“I can remember my mom saying years and years ago that I should think about writing, because it might be the one possible use for the sheer amount of things that go on in my mind at any given time.  I wondered if that was true, and hoped for that, and then at a certain point had almost stopped hoping for that, because I had found my place, I thought.  I had found use and stability in another world, a world of people and ideas and teams and meetings, but what I wanted to be, in a dreamy far-off way, was a writer.

“When I think about my child-self, my little girl memories, all that little girl wanted was to be a storyteller, a poet, a person who gathers and arranges words like some people gather and arrange flowers.  Words are the breakdown through which I see all of life, instead of molecules or notes or chords or colors.  Words in even black and white snakes, back and forth across the page, the portals through which a little girl found a big world, and through which, now, a grown-up girl is trying to pass.

 “When I write, I can see things that I can’t otherwise see, and I can feel things that I can’t otherwise feel.  Things make sense, in flashes and glimpses, in me and around me.  They unravel themselves and line up into black and white rows, and those rows nourish me, sliding down my throat like noodles.”

Last week, I talked to my BFF Melissa on the phone.  Throughout our growing-up years, Melissa and I both wanted to grow up to be writers.  We spent endless summer days scribbling down story ideas on lined paper.  We created entire fantasy worlds for our stories.  She was always my go-to editor and sounding board for story ideas.  We wrote angsty poetry.  We laughed hysterically over the adventures that we created for our most beloved (and comic) characters, Vink and Vonk Voorheis.  We handwrote our stories and then typed them up on my family's old Macintosh computer.  In high school, she read endless iterations of my story about a character named Caitlin McDowell, which I was sure would become my first great novel.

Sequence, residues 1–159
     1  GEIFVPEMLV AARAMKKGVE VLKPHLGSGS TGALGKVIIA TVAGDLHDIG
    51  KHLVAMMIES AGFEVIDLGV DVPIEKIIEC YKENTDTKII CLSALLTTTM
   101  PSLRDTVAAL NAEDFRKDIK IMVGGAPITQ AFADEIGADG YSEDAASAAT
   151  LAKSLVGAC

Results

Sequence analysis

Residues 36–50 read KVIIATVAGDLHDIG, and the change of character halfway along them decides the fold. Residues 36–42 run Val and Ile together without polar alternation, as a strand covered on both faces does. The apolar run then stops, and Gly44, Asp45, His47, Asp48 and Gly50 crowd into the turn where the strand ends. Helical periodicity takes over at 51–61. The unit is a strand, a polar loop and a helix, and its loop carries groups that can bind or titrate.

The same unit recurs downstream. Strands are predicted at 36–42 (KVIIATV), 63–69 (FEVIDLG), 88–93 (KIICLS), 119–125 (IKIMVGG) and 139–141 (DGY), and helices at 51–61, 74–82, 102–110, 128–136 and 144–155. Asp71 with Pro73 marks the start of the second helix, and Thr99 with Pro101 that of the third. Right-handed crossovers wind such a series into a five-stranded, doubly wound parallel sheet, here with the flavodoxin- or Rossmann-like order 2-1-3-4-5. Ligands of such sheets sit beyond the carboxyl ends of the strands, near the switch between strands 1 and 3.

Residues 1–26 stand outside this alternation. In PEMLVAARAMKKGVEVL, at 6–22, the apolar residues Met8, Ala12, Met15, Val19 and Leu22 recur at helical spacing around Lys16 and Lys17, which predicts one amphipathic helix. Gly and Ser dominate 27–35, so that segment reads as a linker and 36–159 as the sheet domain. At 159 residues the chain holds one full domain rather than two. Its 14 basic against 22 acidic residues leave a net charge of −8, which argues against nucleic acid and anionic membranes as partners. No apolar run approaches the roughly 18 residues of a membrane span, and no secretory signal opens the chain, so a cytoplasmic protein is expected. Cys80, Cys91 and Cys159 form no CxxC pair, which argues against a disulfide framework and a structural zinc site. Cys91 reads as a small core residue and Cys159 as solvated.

And then we headed off to college.  I started a double-major in English and journalism, and my assignments for all those courses pretty much killed my love of writing.  During my senior year at Butler, I took a creative writing course in which the professor had us write in a journal every day, first for 10 minutes, then working up to 30.  He said that the most reliable way to become a writer was to practice writing, every day.  I used to struggle mightily to write in that journal.  I felt like I never had 10 free minutes, and even when I did, I never knew what to write about.